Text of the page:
Hohler’s notebook has the Red Sox voting Nomar Garciaparra a postseason share. Horrigan’s notebook has the Red Sox surprised at the Cardinals’ complaints about their Boston accommodations. Chimelis’ notebook says the Sox are relaxed in St. Louis. Borges’ notebook has Pedro rarin’ to go in his first World Series appearance. The ProJo notebook has Terry Francona expecting big things from Pedro. Heuschkel’s notebook also looks at Pedro.
The St Louis Post-Dispatch has the Cardinals stories from today. In the local papers, former Red Sox pitcher Jeff Suppan will oppose Pedro tonight, and he is the focus of many stories this morning as well. John Powers looks at Suppan who was a 16-9 this season. Stephen Harris says that Suppan has something to prove to the Red Sox. Garry Brown also looks at Suppan. Karen Guregian looks at Suppan handling the pressure, something that was questioned about him during his time in Boston. Jack O’Connell says that his familiarity with this Red Sox team could help Suppan. Mark Blaudschun writes about the support the Cardinals have in St. Louis. O’Connell looks at the Cardinals heading home to Busch Stadium. Gordon Edes writes about the atmosphere at the stadium. Jim Donaldson writes about Ray King, the Cardinals designated David Ortiz stopper. Mike Anthony says that Cardinals fans are just as passionate as Red Sox fans, just less crass and nasty. Guregian’s notebook looks at the Cards heading home. Blaudschun’s notebook looks at the possible the Cardinals might get at home.
From the “Who thinks this makes good radio?” department of BSMW…what’s the deal with seemingly every sports talk radio host who feels the need to complain about their free hotel accommodations, given to them so that they can attend and watch the greatest sporting events on the planet…again for free? This happens over and over, I remember it during the last two Patriot Super Bowl appearances and now it’s happening on WEEI during this World Series. Have some perspective guys, you’re not sympathetic at all when you do this…more like pathetic.
I’m sure I’m not the only one to notice this, but did FOX only sell about 10 commercials for the entire playoffs? They weren’t funny the first 500 times we saw them. In addition, if there is one development in TV viewing from the 21st century that I just don’t get, it’s this reality TV craze and how many dozens of shows there are now of this genre. FOX slamming them down my throat does not make me want to even give them a chance. I used to like the FOX network. They’ve lost me. I’m sure that pains them.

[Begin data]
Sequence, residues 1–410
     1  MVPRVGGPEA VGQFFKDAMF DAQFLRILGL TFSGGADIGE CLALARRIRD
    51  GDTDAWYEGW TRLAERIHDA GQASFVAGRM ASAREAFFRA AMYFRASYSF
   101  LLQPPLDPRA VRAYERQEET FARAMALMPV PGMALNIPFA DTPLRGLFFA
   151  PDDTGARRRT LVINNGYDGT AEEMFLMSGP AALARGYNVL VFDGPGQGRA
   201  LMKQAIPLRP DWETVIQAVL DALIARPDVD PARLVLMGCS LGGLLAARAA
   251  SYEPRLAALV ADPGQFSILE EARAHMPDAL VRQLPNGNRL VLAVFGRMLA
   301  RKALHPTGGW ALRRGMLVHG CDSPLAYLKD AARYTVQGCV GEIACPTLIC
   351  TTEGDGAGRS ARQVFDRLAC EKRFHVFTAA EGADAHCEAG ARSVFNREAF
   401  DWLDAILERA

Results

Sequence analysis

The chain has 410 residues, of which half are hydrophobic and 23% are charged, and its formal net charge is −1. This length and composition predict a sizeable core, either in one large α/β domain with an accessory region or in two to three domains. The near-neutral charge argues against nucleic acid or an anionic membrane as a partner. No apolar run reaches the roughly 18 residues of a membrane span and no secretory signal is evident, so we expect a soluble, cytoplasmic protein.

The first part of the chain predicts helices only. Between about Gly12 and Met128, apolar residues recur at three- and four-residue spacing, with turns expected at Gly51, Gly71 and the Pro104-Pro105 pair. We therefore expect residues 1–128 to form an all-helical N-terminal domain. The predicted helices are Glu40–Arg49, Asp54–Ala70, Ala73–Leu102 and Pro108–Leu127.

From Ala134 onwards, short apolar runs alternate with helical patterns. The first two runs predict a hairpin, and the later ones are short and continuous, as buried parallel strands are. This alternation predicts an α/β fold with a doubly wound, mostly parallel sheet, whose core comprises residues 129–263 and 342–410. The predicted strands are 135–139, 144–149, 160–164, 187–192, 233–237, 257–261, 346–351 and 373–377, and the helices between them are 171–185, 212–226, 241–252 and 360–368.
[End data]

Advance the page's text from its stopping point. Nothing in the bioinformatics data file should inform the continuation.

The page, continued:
Kevin Mannix and Michael Parente hand out Patriot Report Cards. Joe Burris looks at the Patriots success in the two minute drill on Sunday, leading to the winning touchdown. Tom E Curran notices that the Patriots getting off to a quick start in each game has helped them during the streak. Alan Greenberg agrees, noting that there isn’t a need for comebacks when you’re not trailing.
Mike Reiss says that when opponents say that they the Patriots don’t make mistakes, or that their own mistakes killed them, they’re off base. Rich Thompson has Bill Belichick praising Bill Cowher. Michael Parente looks at the important of Friday’s practice session. Reiss also looks at former UMass coach Mark Whipple as he tutors the Steelers young QB Ben Roethlisberger. Thompson’s notebook looks at rookie Vince Wilfolk’s first experience against Kevin Mawae. Curran’s notebook says the Patriots streak could be in jeopardy against the Steelers this weekend. Reiss’ notebook looks a the importance of practicing the two minute drill.
Steve Bulpett and Shira Springer report on things getting nasty in Ohio last night, as the Celtics and Cavaliers had a hallway brawl after the game, instigated by claims that Paul Pierce spit at the Cavs bench during the game. In Cleveland, Pierce is identified as the bad guy in this sudden rivalry between the two teams. Springer also writes about Walter McCarty, while Bulpett’s notebook looks at the Cavs offseason interest in Jiri Welsch.
Bill Griffith has Red Sox and Patriots ratings numbers and a series of bulleted notes on the media coverage of the events. Richard Sandomir in the NY Times (registration likely required) has a profile of Joe Buck, who acknowledges that Boston fans get on him about his announcing style. Christopher Price takes on “ethically challenged individuals masquerading as journalists” who wear Red Sox gear while “objectively” covering the team. The Globe looks at the city quietly making plans for a Parade. Guess it’s not that quiet after all, if it’s in the papers, eh?